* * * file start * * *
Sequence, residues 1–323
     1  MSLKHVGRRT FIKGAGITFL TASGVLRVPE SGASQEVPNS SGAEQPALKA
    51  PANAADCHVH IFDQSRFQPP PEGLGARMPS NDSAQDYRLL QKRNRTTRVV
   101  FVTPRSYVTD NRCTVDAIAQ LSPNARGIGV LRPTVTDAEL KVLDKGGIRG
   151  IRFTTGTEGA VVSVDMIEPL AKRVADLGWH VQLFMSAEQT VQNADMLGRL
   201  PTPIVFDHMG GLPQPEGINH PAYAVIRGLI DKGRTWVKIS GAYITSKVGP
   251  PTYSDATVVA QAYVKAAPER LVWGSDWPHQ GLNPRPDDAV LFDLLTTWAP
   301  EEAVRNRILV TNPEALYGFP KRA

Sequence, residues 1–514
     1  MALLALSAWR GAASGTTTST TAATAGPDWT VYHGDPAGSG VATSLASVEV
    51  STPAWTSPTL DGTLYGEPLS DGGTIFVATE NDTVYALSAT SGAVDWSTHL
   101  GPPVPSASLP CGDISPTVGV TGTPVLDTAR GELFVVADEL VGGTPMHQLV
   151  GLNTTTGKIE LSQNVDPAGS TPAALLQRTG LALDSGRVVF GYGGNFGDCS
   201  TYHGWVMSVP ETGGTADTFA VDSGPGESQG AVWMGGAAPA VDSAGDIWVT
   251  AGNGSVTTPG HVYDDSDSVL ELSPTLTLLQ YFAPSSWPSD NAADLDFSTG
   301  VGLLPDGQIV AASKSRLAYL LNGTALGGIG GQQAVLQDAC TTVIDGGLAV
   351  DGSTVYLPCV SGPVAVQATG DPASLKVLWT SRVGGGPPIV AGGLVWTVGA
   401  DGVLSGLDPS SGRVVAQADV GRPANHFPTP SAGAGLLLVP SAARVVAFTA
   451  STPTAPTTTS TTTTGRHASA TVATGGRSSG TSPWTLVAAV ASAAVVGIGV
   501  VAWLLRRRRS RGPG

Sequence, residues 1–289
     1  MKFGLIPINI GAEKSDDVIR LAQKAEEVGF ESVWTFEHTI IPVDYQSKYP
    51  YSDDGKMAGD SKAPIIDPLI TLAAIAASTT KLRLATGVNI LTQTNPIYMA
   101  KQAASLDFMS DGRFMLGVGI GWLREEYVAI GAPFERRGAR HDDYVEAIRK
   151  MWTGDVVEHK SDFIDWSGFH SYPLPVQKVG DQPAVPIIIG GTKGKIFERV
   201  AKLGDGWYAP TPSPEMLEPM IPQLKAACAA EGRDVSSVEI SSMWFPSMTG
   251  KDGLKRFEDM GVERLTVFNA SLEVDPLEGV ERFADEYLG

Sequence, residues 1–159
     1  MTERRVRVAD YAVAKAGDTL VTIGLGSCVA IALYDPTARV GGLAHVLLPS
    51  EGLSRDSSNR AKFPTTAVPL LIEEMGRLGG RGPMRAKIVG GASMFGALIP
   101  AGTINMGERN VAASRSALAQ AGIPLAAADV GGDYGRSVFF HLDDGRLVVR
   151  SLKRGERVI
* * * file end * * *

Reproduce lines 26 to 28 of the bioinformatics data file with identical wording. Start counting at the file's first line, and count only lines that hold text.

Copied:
   201  AKLGDGWYAP TPSPEMLEPM IPQLKAACAA EGRDVSSVEI SSMWFPSMTG
   251  KDGLKRFEDM GVERLTVFNA SLEVDPLEGV ERFADEYLG

Sequence, residues 1–159